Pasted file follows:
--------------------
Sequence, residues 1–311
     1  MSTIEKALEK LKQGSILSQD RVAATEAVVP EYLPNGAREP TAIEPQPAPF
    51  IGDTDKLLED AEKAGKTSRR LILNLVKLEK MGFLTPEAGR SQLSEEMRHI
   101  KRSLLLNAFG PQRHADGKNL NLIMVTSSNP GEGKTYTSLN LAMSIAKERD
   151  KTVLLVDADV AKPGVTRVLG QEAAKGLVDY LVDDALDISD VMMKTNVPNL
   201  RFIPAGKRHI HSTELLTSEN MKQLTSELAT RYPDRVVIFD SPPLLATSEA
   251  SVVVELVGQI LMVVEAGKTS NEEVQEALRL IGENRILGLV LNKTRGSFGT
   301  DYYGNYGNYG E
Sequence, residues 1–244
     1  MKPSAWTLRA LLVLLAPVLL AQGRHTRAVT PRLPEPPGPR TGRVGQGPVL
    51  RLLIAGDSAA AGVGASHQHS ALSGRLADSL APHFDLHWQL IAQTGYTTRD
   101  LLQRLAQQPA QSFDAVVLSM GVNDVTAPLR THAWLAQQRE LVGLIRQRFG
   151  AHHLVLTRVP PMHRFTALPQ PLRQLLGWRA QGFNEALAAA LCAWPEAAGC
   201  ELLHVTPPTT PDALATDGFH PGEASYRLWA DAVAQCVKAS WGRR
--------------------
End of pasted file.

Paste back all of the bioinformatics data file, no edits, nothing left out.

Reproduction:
Sequence, residues 1–311
     1  MSTIEKALEK LKQGSILSQD RVAATEAVVP EYLPNGAREP TAIEPQPAPF
    51  IGDTDKLLED AEKAGKTSRR LILNLVKLEK MGFLTPEAGR SQLSEEMRHI
   101  KRSLLLNAFG PQRHADGKNL NLIMVTSSNP GEGKTYTSLN LAMSIAKERD
   151  KTVLLVDADV AKPGVTRVLG QEAAKGLVDY LVDDALDISD VMMKTNVPNL
   201  RFIPAGKRHI HSTELLTSEN MKQLTSELAT RYPDRVVIFD SPPLLATSEA
   251  SVVVELVGQI LMVVEAGKTS NEEVQEALRL IGENRILGLV LNKTRGSFGT
   301  DYYGNYGNYG E
Sequence, residues 1–244
     1  MKPSAWTLRA LLVLLAPVLL AQGRHTRAVT PRLPEPPGPR TGRVGQGPVL
    51  RLLIAGDSAA AGVGASHQHS ALSGRLADSL APHFDLHWQL IAQTGYTTRD
   101  LLQRLAQQPA QSFDAVVLSM GVNDVTAPLR THAWLAQQRE LVGLIRQRFG
   151  AHHLVLTRVP PMHRFTALPQ PLRQLLGWRA QGFNEALAAA LCAWPEAAGC
   201  ELLHVTPPTT PDALATDGFH PGEASYRLWA DAVAQCVKAS WGRR